Pure Line collection bathroom
To ensure plants are properly maintained in the bathroom, we must choose plant types which grow practically without sunlight and in very humid atmospheres.
- Orchids: a symbol of fertility and beauty. They come from jungle-like atmospheres, which are also: humid, hot and with low-light.
- Sansevieria: it eliminates toxins and withstands humidity and low-light conditions in a bathroom very well indeed. It also has air purifying properties and it is one of the recommended plants to have in the bedroom as well.
- Espatifilo: it absorbs toxins and purifies the air in the bathroom. It can live in temperatures above 18º and is long-lasting.
- Bamboo: it grows properly in humid conditions and in low light, and it is considered as being a plant which is energetically positive.
- Philodendron: it requires little maintenance and grows in humid atmospheres.
- Potus: in addition to resisting indoor lighting, it can grow without soil as a hydroponic crop.
- Ferns or ivy: they grow vertically in a natural way, turning an aseptic atmosphere into a living one.
Why hang just one plant, when you can fill your bathroom with greenery?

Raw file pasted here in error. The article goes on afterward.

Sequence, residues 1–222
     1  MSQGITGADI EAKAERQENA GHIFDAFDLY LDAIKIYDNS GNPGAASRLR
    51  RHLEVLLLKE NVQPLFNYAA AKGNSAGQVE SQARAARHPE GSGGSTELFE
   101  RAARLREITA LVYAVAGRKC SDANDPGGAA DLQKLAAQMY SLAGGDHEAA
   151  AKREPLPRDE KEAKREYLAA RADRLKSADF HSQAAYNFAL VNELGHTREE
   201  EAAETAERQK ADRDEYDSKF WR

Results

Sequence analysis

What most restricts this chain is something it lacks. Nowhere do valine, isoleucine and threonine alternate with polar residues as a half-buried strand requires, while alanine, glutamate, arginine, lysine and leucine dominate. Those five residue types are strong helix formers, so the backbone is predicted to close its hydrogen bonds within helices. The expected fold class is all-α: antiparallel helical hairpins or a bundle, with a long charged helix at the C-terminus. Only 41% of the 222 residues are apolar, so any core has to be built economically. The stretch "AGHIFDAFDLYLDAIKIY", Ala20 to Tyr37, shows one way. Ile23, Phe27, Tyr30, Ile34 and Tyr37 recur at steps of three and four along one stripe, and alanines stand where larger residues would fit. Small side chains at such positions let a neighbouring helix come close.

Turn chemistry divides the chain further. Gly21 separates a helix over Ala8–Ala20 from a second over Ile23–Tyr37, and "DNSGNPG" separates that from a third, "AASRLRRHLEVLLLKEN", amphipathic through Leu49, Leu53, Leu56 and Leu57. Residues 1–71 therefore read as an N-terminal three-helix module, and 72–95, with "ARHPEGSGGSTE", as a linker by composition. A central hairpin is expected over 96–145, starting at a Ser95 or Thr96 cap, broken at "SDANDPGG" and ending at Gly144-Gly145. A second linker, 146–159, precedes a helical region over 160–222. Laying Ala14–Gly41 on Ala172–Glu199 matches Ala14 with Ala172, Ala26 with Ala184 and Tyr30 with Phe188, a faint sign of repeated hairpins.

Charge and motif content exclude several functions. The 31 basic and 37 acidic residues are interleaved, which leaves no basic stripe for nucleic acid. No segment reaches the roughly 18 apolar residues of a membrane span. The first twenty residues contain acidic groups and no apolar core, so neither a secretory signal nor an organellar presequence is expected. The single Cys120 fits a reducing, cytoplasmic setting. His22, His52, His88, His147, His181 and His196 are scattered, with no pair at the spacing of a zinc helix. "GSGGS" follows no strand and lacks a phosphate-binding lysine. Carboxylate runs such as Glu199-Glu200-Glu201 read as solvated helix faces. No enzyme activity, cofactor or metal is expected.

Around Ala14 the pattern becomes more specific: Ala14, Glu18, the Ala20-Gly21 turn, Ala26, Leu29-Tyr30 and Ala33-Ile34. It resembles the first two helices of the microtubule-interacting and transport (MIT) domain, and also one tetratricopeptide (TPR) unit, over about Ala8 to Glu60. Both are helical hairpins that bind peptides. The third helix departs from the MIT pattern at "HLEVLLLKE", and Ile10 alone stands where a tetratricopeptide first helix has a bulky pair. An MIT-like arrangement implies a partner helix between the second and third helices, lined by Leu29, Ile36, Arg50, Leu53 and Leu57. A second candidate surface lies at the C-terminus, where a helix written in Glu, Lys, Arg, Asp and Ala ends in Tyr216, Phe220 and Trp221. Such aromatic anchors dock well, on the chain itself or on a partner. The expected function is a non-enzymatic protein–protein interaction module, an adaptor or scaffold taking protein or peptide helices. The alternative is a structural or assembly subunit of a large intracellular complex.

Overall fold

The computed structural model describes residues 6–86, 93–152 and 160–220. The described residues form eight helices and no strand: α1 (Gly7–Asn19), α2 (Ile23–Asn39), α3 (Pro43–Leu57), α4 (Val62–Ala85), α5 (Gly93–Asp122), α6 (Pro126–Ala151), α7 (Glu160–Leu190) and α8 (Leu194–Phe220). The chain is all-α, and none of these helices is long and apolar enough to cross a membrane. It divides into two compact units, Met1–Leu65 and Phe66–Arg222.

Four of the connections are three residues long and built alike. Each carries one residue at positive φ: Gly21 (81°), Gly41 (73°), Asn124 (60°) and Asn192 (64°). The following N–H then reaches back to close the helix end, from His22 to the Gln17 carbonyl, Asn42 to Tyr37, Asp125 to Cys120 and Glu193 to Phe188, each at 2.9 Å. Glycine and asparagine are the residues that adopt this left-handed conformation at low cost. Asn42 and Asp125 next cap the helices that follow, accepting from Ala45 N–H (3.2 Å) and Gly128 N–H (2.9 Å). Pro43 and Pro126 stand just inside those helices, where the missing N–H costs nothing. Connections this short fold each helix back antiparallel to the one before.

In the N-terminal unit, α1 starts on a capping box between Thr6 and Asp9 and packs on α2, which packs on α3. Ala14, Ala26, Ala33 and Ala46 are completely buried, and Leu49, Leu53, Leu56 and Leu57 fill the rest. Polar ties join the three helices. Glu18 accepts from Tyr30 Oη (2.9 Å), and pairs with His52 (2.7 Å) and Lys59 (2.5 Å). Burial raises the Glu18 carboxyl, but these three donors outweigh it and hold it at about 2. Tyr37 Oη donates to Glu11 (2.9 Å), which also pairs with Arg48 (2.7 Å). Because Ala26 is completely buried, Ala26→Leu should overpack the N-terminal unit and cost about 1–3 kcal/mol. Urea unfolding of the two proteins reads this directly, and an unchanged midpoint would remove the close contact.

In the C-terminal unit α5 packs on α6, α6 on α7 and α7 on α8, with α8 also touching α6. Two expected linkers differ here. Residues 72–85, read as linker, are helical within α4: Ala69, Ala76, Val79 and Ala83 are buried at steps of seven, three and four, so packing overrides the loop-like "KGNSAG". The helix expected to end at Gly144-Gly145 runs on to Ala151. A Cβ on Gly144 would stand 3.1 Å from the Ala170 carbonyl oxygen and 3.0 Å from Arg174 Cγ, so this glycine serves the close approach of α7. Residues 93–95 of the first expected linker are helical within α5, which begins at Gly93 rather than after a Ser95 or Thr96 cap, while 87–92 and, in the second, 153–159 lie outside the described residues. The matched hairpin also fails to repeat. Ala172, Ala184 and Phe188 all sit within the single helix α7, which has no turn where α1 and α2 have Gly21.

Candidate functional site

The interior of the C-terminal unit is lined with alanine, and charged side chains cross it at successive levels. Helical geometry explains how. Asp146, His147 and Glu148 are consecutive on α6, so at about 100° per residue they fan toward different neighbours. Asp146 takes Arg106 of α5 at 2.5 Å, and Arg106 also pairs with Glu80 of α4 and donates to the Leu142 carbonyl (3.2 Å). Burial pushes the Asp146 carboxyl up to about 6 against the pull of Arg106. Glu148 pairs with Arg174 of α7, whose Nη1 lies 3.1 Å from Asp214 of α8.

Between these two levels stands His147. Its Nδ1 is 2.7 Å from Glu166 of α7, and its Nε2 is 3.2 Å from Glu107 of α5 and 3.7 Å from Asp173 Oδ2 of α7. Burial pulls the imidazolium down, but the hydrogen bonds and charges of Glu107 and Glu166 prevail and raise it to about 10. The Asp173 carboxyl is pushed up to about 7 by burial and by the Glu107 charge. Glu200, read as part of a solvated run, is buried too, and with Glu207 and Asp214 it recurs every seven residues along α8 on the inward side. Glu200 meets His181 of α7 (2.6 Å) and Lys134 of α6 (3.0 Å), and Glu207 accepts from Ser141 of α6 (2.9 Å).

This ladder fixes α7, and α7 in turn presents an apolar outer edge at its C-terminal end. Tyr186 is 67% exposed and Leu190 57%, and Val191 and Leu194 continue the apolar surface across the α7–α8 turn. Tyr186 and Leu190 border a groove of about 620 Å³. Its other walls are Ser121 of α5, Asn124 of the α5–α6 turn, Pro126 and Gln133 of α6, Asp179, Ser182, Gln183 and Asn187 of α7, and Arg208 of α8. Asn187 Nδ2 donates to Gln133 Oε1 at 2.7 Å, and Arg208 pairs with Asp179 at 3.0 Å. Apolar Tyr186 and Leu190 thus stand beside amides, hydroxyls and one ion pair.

Green walls. How to create a living wall indoor vertical garden
Vertical gardens are panels of plants that grow vertically,, independently or joined to the walls by means of hydroponics, an agricultural method for growing plants that uses mineral solutions instead of agricultural soil as a type of support.
Noken showroom, Lounge space
The first step is that all-important sought-after place in which to install it, always bearing in mind the visual impact that this wall will create, as well as the needs of the irrigation system. After this first decision is taken, the structure and support are opted for, which are usually made of wood or metal.
- Opt for the right place.
- Choose the planting system.
- Choose the plants based on the sough-after visual effect and the environmental conditions.
- Make the most of the light.
- Take the frequency and irrigation system into account. Some recommendations are for preventing standing water. If a plant dries, it should be replaced.
What do you need to create your own vertical garden in your bathroom?